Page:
Having an impressive personal statement can make the difference between getting or not getting that all-important interview. It is vital that your letter should sell you, so plan it carefully to make yourself stand out from the crowd.
Show you have a vision about education: interviewers want someone who can offer something extra and who isn't a clock-watcher. To Barry Hancock, appointments consultant for Redbridge, "the personal statement is the subjective side of the application - an opportunity for teachers to show how and if they can reflect on good practice and put into perspective the skills and qualities outlined in the rest of the application".
Convince the reader that you want the job: if you have a standard letter on file, use it only as a framework. Make sure your letter is pitched precisely at the school. Show that you've read about it and why you've chosen it. If you're applying to a pool, be clear about why you want to work in that particular area.
Make your tone warm, personal and enthusiastic: but not too effusive.
Address each aspect of the job specification. Point out how your degree specialism relates to the teaching you hope to do, and show how you put the theory you learned on your training course into practice during your placements. Draw attention to the year groups you taught, the classroom management skills you developed and experience you gained in planning, evaluation, assessment, behaviour management, whole-class and group teaching, differentiation, special needs, school trips and other areas of particular interest to you.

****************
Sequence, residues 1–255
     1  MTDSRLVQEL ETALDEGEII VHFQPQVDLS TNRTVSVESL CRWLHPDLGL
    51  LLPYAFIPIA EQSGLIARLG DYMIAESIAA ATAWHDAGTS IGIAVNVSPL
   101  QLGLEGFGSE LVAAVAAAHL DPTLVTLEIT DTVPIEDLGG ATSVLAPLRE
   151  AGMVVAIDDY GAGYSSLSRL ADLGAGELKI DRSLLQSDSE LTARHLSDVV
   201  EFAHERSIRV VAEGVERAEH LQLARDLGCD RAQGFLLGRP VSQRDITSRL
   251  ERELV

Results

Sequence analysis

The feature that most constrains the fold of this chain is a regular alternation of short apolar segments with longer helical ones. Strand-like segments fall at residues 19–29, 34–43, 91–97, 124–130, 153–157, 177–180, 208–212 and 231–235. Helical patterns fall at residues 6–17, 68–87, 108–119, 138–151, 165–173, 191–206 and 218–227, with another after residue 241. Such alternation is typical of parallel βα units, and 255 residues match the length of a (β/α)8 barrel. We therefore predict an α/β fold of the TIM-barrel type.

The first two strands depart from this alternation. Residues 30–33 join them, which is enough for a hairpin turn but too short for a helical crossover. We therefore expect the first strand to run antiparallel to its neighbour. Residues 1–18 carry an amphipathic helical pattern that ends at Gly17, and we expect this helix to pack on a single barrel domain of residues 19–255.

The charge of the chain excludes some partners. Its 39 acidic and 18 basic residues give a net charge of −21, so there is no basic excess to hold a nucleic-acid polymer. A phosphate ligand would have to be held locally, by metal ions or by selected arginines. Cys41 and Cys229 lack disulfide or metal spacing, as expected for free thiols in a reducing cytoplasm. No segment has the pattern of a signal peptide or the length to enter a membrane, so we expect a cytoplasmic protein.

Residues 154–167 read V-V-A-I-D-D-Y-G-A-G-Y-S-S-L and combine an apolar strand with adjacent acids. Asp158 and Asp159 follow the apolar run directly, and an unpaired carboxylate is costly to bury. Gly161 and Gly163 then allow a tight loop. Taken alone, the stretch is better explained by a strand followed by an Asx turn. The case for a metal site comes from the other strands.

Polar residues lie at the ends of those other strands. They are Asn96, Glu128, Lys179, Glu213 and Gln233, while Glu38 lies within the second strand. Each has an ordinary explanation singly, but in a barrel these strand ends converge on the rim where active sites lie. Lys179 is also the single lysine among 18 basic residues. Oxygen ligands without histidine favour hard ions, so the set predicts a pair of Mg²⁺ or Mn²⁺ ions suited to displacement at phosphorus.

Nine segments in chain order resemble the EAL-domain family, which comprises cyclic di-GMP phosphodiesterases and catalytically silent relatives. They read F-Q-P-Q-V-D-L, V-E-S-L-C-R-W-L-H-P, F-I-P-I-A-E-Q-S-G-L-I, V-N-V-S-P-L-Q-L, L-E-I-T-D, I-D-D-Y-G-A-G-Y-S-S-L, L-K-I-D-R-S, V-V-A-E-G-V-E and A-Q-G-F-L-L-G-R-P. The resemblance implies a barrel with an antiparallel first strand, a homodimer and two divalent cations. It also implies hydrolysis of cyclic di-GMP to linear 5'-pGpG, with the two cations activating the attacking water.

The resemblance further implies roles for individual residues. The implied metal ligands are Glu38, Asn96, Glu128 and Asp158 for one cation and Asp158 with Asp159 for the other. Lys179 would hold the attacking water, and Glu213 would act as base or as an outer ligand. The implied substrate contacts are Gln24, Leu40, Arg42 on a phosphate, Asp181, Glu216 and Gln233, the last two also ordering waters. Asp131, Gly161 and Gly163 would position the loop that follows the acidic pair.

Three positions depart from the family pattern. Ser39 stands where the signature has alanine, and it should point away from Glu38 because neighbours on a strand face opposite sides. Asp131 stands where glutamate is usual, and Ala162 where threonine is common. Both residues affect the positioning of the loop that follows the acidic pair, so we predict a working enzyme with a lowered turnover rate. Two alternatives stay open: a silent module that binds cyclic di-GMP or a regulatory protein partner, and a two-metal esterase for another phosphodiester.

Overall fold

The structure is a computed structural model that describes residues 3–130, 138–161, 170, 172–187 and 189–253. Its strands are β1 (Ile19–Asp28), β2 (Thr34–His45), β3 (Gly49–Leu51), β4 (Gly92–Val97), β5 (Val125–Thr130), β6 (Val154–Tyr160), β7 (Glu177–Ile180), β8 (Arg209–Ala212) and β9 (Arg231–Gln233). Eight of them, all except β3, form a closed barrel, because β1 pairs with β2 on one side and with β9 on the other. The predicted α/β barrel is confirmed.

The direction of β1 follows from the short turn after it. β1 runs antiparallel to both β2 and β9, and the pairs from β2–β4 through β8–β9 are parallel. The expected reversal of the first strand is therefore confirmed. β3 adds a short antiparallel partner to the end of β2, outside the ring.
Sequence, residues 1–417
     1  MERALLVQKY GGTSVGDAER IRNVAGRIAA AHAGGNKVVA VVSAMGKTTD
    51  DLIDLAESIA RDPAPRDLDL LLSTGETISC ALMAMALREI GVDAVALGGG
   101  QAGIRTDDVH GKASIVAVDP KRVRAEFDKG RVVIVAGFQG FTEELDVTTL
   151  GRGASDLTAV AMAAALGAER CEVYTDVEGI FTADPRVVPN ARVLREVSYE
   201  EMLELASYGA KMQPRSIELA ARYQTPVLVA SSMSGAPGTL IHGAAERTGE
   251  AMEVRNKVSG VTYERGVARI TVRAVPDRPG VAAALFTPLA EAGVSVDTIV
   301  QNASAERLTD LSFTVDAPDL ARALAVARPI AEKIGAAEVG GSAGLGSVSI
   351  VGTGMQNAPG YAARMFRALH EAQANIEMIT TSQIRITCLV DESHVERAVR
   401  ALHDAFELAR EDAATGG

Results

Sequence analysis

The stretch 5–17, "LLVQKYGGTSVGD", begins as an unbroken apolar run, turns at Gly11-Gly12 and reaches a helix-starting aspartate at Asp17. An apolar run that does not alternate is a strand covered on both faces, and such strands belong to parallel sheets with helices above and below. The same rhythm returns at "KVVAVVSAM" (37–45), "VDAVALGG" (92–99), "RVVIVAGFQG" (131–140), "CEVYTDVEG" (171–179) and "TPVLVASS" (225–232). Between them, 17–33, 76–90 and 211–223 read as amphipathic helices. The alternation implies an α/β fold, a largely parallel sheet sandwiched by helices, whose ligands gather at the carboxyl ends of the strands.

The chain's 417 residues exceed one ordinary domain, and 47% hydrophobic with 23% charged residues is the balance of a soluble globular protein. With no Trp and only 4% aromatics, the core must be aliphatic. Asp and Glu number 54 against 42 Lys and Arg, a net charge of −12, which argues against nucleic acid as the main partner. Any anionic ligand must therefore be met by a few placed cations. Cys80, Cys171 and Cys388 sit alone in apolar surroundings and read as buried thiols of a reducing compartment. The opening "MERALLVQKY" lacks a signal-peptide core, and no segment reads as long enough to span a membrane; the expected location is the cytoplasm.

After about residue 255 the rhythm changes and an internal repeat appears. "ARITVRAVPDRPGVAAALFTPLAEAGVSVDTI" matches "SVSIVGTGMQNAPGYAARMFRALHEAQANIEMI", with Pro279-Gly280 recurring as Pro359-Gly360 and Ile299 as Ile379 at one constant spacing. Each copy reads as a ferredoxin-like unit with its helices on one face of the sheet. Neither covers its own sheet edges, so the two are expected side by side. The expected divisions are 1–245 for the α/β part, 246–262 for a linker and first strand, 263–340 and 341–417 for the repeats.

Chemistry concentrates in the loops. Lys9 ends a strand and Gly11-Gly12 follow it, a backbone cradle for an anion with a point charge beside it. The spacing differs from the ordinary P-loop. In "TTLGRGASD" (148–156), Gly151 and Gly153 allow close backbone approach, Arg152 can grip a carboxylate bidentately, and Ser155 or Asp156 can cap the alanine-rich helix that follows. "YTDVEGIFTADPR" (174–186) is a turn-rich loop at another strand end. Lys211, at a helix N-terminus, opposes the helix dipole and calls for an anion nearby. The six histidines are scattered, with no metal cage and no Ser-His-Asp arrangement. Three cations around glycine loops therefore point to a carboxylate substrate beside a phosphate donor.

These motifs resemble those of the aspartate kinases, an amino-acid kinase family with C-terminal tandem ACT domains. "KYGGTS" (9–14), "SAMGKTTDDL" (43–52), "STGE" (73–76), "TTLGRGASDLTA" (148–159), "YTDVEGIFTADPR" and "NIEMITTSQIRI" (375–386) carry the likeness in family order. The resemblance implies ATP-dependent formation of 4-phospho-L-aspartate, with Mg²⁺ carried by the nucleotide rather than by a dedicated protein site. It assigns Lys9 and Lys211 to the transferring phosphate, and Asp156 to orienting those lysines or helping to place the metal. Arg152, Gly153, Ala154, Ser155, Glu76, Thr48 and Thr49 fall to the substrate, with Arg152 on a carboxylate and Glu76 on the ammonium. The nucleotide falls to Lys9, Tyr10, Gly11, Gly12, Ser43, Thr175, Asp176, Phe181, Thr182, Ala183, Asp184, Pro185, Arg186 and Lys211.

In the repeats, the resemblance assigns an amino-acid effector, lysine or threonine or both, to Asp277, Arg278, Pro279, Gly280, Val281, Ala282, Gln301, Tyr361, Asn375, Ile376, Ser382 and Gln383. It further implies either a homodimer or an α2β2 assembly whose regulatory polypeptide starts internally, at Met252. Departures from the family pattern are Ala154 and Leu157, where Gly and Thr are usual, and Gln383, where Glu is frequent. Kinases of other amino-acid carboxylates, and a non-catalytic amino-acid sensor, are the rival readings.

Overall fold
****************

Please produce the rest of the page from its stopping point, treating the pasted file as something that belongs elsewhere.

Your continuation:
Relate your experience to the national curriculum: focus on whatever is applicable to the post - how you tackle literacy and numeracy, for example.
Explain how you create a positive atmosphere in your classroom, perhaps by using display. Emphasise your commitment to parental involvement and building professional relationships with other teachers, classroom assistants and education professionals.
Show your initiative: bear in mind that interviewers are looking for clues that suggest a newcomer has initiative. If you can include details of relevant experience outside teaching, such as summer camp work in America, voluntary work, gap-year placements in the UK or abroad, summer and weekend jobs, these will all go down well. Also include any music exams passed or anything you volunteered for at university.
If you've switched careers and have experience in some other field, explain with evidence how your previous work can enhance your teaching - communication skills, say, or administration, record-keeping or the use of assessment to inform future planning. Be consistent and account for any gaps in your CV.
Careful presentation speaks volumes: restrict yourself to two sides of A4 paper. Sub-divide into sections with cross-headings. Keep your language clear, concise and positive - "I co-ordinated, managed, succeeded". Avoid jargon - especially if you don't understand it. Remember that anything you seem unsure about will be pounced on at interview. Read your application out loud to make sure it flows well, and have it checked by your tutor. And keep a copy so you can refer to it just before an interview.
* Show how your knowledge, experience and skills meet the job specification.
* Provide evidence and examples to back up your statements.
* Use positive language.
* Avoid jargon.
* Keep it warm and personal, not self-important.
* Be specific, concise and neat.
* Check your grammar and spelling.
* Never include anything that you can't back up at an interview.